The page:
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CROWD PLEASER: CD reviews include Noel Gallagher's High Flying Birds album Who Built the Moon? Picture : Sour Mash Records.CROWD PLEASER: CD reviews include Noel Gallagher's High Flying Birds album Who Built the Moon? Picture : Sour Mash Records.
CROWD PLEASER: CD reviews include Noel Gallagher's High Flying Birds album Who Built the Moon? Picture : Sour Mash Records.
From Noel Gallagher, Bjork to Anton Du Beck, we take a look at this week's new releases.

Noel Gallagher’s High Flying Birds, Who Built The Moon?: Unveiling his first first solo album, back in 2011, Noel Gallagher promised an imminent follow-up with the prog-electronic group Amorphous Androgynous that would, he said, be ‘truly incredible’. That the album we got instead, Chasing Yesterday, deviated only so far from his work in Oasis, induced a few sighs at opportunities missed. Not so, however, for Who Built The Moon? Here Gallagher blasts off into the cosmos, with producer and DJ David Holmes as his co-pilot. Holy Mountain features towering brass and looped tin whistle; She Taught Me How to Fly is juddering disco-rock; It’s a Beautiful World gazes up at the stars over twinkling keyboards, and an interlude in French; while If Love is the Law has a cavernous, Phil Spector-like arrangement. A thrilling adventure. Duncan Seaman

Bjork –Utopia: It’s two years since Bjork released her heartbreak album Vulnicura to critical acclaim, and her follow-up Utopia is sure to win over hearts, broken or otherwise. In a reversal of tone, Utopia re-appropriates Vulnicura’s imagery of closing wounds into a powerful declaration of renewed openness to the world. This combination of retrospection and optimism is the truest triumph of Utopia, and it acts as a synthesis of Bjork’s eclectic musical history. From the pastoral flutes in the title track to the feral passions of Body Memory, she presents a consolidation of her life’s work in Utopia that is both familiar and groundbreaking, sensitive and blunt, and which demonstrates a complete command of the wide array of instruments and talents at her disposal. Zander Sharp

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Anton Du Beke –From the Top: Nobody ever expected to utter these words, but Anton Du Beke’s cover of an Arctic Monkeys classic is pretty darn good. The Strictly stalwart’s old school swing, big band cover of the indie band’s I Bet You Look Good on the Dancefloor is one of the highlights on his startlingly refreshing debut album. Think Hit The Road Jack meets Sheffield, with a little bit of Strictly stardust scattered over it. Music snobs may roll their eyes, but Du Beke nimbly manages to inject his fun character into decades-worth of hits, proving that he really is a modern version of his idol and former co-star, the late Sir Bruce Forsyth. It’s true there is nothing ground-breaking here. Du Beke has a pleasant show tune-friendly voice and his jolly jaunt of a record might just earn him his own niche. Lucy Mapstone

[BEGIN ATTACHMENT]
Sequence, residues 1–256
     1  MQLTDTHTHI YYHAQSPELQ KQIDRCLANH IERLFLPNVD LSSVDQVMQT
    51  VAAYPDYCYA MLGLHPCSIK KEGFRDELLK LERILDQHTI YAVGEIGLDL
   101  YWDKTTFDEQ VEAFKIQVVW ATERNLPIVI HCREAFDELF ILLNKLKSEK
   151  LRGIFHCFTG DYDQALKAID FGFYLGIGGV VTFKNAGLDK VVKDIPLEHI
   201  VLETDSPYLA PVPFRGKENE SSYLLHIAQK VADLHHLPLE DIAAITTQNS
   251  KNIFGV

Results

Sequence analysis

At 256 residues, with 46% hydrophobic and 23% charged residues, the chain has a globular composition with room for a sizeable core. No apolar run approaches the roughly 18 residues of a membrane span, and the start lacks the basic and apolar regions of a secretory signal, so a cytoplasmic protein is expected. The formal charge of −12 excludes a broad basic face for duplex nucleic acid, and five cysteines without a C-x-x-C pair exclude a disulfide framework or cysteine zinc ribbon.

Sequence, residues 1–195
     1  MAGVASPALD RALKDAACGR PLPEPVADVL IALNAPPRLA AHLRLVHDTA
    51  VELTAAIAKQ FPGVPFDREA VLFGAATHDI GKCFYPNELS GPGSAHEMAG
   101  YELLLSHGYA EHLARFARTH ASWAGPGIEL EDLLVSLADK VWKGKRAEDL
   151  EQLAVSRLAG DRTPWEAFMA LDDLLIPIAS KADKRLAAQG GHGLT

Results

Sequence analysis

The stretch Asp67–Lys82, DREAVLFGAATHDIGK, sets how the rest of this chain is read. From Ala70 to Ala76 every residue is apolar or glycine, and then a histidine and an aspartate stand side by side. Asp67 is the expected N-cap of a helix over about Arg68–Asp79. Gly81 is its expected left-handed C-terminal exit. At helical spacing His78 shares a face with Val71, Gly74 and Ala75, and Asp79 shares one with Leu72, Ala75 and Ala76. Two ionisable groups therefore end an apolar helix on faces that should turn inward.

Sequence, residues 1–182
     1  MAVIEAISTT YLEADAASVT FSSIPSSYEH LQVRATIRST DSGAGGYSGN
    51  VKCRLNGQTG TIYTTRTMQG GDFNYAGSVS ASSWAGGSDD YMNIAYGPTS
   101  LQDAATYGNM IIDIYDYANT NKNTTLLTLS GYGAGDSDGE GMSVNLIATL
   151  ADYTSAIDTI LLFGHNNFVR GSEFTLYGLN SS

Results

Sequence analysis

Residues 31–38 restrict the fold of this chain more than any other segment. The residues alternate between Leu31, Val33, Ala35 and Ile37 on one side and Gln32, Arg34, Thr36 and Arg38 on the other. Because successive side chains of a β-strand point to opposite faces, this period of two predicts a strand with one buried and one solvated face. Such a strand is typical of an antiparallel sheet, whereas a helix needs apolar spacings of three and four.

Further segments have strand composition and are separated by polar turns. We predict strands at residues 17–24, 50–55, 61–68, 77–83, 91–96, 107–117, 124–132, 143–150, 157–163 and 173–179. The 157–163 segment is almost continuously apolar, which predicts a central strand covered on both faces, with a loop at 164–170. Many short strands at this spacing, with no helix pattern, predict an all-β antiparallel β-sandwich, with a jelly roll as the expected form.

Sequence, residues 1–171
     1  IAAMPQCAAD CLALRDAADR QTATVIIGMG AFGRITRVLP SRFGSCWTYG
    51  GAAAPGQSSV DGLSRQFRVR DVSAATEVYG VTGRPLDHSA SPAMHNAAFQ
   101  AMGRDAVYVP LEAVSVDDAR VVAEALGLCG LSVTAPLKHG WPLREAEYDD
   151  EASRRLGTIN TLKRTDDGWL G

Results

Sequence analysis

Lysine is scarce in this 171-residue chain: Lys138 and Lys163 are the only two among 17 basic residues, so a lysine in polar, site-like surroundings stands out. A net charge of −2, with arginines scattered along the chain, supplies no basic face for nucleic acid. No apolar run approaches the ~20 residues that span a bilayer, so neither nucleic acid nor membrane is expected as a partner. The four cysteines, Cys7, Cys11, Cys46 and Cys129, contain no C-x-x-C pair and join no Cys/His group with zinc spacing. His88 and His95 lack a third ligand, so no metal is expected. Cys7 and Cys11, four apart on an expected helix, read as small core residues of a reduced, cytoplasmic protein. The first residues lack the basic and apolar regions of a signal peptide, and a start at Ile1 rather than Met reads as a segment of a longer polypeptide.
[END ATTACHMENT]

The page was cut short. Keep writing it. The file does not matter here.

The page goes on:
Matt Terry –Trouble: Matt Terry won The X Factor, and then fade into the background. But with the arrival of his debut album, Trouble, he will not go unnoticed for much longer. The album really shows off his voice well, while offering a more mature sound than is possibly expected. The 14-strong track-listing includes Terry’s Spanish vocals on Enrique Iglesias’ song Subeme La Radio, which also features Sean Paul. It’s an impressive collaboration for a first album. It’s also a smart one, and a move that exposes Terry to a wider fan base utilising his fluent Spanish. For the rest – there’s a good variety, from super catchy Sucker For You to the smooth, more easy listening Got You. After performing The Thing About Love on the current series of the X Factor, it’s climbing up music charts. Kerri-Ann Roper

Telemann – Twelve Solo Fantasias: One of the most remarkable discoveries in the world of classical music took place two years ago, when twelve long lost Viola da Gamba Fantasias by the famous Eighteen-century German composer, Georg Philipp Telemann, were found almost three hundred years after being written. In content you have the feel of a composer musing for his own pleasure, at times revelling in his own virtuosity. Now the internationally famous Huddersfield-born exponent of the instrument, Robert Smith, has engagingly recreated them, his attention to the sheer beauty of the music preferred to outgoing brilliance of the fast movements. He has been captured in an ideal church acoustic for release on the Resonus label. David Denton